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Publication numberUS2331052 A
Publication typeGrant
Publication dateOct 5, 1943
Filing dateNov 27, 1941
Priority dateNov 27, 1941
Publication numberUS 2331052 A, US 2331052A, US-A-2331052, US2331052 A, US2331052A
InventorsShadduck Hugh A
Original AssigneeOwens Illinois Glass Co
Export CitationBiBTeX, EndNote, RefMan
External Links: USPTO, USPTO Assignment, Espacenet
Method of refining molten glass
US 2331052 A
Abstract  available in
Images(1)
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Claims  available in
Description  (OCR text may contain errors)

Oct. 5, 1943. H. A. ,sHADDUcK METHOD OF REFINING MOLTEN GLASS Filed Nov. 27, 1941 A ning process is necessary Patented Oct. 5, 1943 l METHOD oF REFlNmG M'oL'rEN GLASS Hugh A. shaaduck, Toledo, ohio, assigner to Owens-Illinois Glass Co of Ohio mpany, a corporation Application November 27, 1941, Serial No. 420,679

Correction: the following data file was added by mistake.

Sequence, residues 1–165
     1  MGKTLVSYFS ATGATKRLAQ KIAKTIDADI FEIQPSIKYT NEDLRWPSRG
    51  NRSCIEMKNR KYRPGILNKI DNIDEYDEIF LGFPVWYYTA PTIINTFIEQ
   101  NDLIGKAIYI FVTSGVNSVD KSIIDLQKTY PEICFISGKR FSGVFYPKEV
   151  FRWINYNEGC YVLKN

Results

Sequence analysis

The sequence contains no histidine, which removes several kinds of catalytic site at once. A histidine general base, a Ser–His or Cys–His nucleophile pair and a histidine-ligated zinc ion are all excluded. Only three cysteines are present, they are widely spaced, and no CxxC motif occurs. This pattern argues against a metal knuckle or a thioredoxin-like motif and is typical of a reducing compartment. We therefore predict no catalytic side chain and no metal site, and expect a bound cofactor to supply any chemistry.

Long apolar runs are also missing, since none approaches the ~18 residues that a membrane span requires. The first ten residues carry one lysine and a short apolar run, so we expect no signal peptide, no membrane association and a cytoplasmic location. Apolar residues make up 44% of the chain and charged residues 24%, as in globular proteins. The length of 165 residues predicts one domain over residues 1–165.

4 Claims.

My invention relates tomethods of vning molten glass and provides moving the so-called seeds or gas bubbles which permeate the `glass when the batch is melted.

In the manufacture of ordinary glasses a re`- A for removing the gas bubbles or seeds which permeate the glass when the batch materials are melted, to produce a glass of commercial quality. Various 'methods have been employed for this purpose in the manufacture. of flint glass used for makingv bottles, jars, tumblers, sheet glassware, and numerous other articles. Large so-called continuous tanks are generally used in which the melting and fining operations are carried on as a continuous proc- When the batch materials are melted the resulting molten mass is permeated with gas bubbles or seeds. This unrened glass is advanced -through a refining rcompartment or tank and maintained at ahigh temperature to permit the seeds to gradually rise to the surface and escape. Owing to the viscous nature of the glass, many hours are required for this flning process. Morestirring process, for a suflicient length of time to fine the glass. y

A further method which has been used to a very limited extent comprises the melting` of glasses under a partial vacuum.